Often a determining factor can be the venue choice for your wedding ceremony and reception. Sometimes we use the setting to influence the menu – for example, rustic barns can lend themselves well to relaxed and informal sharing platters, whilst stately homes can inspire distinct dishes and fine dining experiences. Wedding breakfasts outdoors using a marquee or tipi can be influenced by the kitchen facilities (or lack of), but a good caterer should be able to prepare your menu in whatever setting you throw at them (within reason!)
Time of day can also be another influencer of your menu and how much or little food you provide for your guests. If you’re looking for a morning ceremony, then consider a canape reception for lunch time and a late wedding breakfast for the main meal. If you then have evening guests joining you for the party, you may want to consider providing less formal food that lends itself well to your venue and party theme into the night.
You should have a good idea of your guests in terms of their approach and preferences to eating and drinking. For example, we recently catered for a vegetarian wedding where all of the dishes were vegetarian and the bride and groom to-be explained this in their wedding invitations.
We’ve also had couples describe their menu as being a fusion of their heritage. A good example of this is a couple where the bride to-be was from Peru and the groom was half Chinese and half Scottish, so we included Peruvian and Chinese canapes and then moved through to the wedding breakfast with influences of Scotland on the menu.
Seeing the potential dishes for your wedding breakfast written into a draft menu can be a really helpful starting point and then add some timings next to each course or aspect of the day. You’ll soon realise if the foods go well together and if you’re allowing enough time and this can be a good process to go through to refine your menu.
Many caterers also offer a menu tasting and our approach is to prepare your menu for you like a small dinner party, so you can share the experience with close friends and family and get their input into the food and drink that you’re choosing.
3. How much will my wedding catering cost?
Catering for your wedding will take a good proportion of your wedding budget, so do be prepared for this. For some couples it’s the most expensive part of their day, but for most it’s in at least the top three most expensive of all of the things you may prepare for on your day.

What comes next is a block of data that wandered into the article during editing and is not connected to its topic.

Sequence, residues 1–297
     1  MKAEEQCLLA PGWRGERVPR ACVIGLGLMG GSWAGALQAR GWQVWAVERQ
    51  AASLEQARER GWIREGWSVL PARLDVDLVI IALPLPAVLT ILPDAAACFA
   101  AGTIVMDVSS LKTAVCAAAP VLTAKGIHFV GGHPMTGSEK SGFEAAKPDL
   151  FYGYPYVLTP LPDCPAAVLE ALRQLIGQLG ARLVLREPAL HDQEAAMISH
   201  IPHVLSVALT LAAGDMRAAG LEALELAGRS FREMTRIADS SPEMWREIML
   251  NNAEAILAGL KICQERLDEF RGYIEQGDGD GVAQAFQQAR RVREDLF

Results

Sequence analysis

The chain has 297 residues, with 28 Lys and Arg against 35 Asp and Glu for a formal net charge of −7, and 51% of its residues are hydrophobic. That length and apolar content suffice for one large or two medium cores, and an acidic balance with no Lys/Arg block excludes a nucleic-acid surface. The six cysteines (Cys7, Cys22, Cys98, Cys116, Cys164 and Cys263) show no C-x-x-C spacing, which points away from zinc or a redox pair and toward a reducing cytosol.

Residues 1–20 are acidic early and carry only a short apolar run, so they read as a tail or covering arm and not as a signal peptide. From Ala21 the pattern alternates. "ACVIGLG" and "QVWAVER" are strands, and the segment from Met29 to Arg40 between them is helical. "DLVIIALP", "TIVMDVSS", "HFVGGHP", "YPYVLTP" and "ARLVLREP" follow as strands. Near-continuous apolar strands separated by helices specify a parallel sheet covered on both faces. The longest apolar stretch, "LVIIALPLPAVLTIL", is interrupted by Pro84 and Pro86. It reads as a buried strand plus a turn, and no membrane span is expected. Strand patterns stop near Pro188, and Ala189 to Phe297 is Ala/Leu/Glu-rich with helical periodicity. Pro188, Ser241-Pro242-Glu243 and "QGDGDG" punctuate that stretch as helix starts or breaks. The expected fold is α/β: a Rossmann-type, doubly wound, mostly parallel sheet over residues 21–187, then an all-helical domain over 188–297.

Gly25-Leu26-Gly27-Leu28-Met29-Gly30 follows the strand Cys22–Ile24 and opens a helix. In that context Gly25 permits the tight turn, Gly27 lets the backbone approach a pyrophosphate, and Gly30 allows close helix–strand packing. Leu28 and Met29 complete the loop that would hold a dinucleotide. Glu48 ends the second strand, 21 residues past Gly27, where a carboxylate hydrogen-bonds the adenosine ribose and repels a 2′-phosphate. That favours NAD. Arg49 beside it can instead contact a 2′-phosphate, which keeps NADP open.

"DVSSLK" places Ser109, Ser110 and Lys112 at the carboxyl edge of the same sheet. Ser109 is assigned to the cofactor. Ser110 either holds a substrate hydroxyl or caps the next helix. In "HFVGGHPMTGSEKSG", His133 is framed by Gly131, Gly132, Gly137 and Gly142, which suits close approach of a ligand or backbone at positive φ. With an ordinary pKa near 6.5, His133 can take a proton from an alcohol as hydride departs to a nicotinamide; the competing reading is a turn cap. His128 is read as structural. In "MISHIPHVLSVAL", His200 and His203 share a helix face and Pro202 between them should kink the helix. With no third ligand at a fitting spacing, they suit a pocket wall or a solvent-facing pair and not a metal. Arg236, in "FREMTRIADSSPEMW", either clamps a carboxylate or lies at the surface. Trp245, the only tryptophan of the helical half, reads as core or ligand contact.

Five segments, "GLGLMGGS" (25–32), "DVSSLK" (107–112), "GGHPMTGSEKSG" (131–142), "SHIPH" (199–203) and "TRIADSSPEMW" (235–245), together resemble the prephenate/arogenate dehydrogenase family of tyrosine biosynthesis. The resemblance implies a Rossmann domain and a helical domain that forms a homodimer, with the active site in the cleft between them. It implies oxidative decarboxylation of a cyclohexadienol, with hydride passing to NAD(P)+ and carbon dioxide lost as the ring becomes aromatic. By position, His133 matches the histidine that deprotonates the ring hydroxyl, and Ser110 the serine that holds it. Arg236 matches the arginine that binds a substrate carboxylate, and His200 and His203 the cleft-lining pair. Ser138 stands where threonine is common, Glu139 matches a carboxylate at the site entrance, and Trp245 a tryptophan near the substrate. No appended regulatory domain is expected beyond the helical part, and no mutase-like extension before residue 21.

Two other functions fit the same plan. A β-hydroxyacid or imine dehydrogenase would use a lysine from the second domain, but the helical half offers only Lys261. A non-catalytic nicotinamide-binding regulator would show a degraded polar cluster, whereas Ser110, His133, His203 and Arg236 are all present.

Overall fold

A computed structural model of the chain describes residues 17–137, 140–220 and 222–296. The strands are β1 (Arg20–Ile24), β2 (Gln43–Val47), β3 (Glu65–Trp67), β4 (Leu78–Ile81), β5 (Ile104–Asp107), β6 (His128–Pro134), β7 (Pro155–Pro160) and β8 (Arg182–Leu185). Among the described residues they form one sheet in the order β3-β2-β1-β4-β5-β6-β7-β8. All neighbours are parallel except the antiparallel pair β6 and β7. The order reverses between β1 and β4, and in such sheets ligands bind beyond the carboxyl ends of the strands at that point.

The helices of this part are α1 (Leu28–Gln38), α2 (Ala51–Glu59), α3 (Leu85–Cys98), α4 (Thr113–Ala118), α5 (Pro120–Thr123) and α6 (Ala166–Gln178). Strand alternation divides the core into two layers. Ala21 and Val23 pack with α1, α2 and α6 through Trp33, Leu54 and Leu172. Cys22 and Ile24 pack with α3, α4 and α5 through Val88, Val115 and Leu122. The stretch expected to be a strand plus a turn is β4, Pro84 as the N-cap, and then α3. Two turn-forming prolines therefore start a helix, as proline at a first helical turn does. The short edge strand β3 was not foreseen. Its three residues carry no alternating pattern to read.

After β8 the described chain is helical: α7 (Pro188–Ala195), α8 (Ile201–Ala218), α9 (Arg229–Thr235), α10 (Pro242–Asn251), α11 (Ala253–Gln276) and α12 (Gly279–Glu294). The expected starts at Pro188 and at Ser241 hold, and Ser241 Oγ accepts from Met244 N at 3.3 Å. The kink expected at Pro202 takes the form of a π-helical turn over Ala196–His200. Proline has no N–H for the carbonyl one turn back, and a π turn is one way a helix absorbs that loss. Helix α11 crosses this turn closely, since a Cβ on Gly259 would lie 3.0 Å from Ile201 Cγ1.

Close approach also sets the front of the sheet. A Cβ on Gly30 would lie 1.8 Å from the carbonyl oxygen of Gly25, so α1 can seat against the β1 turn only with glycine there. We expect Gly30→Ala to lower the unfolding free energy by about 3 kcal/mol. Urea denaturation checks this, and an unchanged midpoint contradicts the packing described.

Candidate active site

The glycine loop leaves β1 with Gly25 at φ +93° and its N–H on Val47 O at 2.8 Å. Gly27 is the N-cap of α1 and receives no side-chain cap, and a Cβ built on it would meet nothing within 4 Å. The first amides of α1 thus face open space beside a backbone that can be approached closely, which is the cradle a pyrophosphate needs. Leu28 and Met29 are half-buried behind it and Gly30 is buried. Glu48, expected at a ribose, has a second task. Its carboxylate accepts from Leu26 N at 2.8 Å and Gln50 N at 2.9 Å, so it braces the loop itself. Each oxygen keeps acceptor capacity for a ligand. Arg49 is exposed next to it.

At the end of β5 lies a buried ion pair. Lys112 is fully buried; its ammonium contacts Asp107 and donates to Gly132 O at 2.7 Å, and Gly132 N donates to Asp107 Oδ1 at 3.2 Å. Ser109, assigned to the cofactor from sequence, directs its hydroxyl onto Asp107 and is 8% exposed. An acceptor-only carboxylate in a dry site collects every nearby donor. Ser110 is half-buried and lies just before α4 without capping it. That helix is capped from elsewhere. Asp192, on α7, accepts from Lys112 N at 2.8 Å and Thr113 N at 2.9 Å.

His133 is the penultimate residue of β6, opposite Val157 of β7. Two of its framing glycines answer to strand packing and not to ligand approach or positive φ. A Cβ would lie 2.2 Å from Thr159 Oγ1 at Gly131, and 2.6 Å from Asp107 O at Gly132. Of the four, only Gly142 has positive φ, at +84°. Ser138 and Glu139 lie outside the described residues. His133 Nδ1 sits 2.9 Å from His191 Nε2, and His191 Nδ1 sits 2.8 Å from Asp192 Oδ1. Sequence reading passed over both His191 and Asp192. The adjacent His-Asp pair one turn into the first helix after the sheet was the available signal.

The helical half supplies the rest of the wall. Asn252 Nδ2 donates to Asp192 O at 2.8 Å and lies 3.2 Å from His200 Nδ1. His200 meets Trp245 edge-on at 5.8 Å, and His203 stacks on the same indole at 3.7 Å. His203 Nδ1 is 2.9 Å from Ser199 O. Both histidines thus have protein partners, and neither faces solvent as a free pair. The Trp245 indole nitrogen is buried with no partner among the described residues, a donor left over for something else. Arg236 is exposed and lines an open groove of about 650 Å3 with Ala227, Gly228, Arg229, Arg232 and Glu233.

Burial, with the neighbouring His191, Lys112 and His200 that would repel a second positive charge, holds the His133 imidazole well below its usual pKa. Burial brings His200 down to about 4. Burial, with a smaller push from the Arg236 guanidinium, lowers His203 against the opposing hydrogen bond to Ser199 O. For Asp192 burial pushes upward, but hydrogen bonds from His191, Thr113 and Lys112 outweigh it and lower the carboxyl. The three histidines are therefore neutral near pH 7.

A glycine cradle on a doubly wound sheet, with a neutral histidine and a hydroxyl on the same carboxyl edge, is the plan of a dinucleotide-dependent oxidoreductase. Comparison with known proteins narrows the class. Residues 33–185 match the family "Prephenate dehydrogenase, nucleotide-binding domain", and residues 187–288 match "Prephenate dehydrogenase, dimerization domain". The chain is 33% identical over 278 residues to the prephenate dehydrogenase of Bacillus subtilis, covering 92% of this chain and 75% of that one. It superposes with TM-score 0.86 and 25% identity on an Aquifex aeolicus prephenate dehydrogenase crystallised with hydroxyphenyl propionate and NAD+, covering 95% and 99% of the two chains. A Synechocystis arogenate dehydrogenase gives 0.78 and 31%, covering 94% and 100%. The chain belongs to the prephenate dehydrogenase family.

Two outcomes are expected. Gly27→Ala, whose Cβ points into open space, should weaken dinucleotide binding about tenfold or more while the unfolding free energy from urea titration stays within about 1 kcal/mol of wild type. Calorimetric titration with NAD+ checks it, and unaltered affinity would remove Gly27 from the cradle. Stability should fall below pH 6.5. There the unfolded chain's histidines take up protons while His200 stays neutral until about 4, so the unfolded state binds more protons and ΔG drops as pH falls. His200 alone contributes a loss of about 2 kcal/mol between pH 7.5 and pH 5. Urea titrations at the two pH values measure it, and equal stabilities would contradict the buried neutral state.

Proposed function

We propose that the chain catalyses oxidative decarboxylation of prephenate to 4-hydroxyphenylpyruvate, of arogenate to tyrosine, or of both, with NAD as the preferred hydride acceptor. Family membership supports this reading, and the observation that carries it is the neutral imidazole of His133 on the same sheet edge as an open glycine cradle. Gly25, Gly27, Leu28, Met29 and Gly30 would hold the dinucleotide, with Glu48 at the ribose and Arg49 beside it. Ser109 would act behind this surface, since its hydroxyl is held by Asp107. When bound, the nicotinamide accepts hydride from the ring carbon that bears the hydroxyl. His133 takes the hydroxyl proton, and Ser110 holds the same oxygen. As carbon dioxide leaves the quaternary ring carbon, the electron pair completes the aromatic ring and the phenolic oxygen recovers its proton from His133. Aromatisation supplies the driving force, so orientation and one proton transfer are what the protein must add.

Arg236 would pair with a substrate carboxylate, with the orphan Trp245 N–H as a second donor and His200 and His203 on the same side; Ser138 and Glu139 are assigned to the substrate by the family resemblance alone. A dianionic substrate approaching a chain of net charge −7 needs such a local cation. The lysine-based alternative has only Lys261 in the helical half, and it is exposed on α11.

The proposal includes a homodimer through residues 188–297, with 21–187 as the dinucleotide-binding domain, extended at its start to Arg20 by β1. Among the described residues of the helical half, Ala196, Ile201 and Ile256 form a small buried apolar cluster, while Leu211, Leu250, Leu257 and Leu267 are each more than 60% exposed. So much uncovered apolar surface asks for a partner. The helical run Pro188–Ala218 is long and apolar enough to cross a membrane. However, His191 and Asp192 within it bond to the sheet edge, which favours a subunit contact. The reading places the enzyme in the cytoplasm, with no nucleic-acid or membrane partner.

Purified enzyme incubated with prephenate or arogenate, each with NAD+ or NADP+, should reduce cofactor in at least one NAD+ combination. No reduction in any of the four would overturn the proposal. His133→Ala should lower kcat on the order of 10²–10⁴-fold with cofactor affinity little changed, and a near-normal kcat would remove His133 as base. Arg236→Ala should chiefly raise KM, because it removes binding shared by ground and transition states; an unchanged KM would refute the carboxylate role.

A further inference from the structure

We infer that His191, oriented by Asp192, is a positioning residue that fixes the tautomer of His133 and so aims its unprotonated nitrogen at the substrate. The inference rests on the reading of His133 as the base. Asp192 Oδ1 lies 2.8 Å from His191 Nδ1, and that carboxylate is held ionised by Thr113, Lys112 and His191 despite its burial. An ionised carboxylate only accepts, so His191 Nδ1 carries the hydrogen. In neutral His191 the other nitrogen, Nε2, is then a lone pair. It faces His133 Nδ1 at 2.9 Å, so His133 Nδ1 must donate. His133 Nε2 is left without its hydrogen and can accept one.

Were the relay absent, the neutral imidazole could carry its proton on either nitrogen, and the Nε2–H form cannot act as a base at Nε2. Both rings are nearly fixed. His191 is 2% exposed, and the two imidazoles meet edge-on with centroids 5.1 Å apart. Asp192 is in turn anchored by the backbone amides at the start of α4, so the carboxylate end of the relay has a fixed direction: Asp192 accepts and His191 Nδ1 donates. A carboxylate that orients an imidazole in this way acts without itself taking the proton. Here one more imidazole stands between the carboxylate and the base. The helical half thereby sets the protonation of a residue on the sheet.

In all cases, it depends on how important the food and drink aspect of your day is to you both, but we’d always advise to start with what you’d ideally like and then work back from there. This way you quickly get to know what truly is important to you both and then you can prioritise.
It may be helpful to give you a peak behind the curtain on some of the costs that go into your catering for your wedding day. We can only talk about our service, but at Caviar & Chips, we don’t charge for the menu consultation or menu tasting, as these are the aspects of your catering that we feel you shouldn’t have to pay for.
When you consider going to a restaurant for an excellent meal and well served dining experience, you’ll quickly get an idea of how much you may be prepared to pay for that. Then when you multiply that by the number of guests you’re attempting to host, your cost quickly goes up.
Factors that may differ from a restaurant include economies of scale, such as ingredients for your menu. If you’re going for a bespoke approach, then the ingredients are bought to order, which is quite different from how a restaurant would buy their supplies.
We also explain the preparation time that goes into preparing a menu for 100 plus guests and many don’t realise that we start our preparation at least three days in advance in the kitchen – preparing vegetables, roiling pastries and organising the components of each dish so that it can quickly be put together fresh on the day of your wedding.
We recently made 180 individual craft ale and beef pies by hand as well as a further 20 vegetarian alternatives with a different pastry – and this was just the main course. We hand-make our sauces, pickles and gravies and whilst this is more time consuming and more expensive, the difference will soon be recognised in the taste and presentation of your food.
Kitchen facilities at your wedding venue can sometimes be a determining factor and in some cases your caterer may need to hire in extra ovens, fridges or other equipment that the kitchen doesn’t have.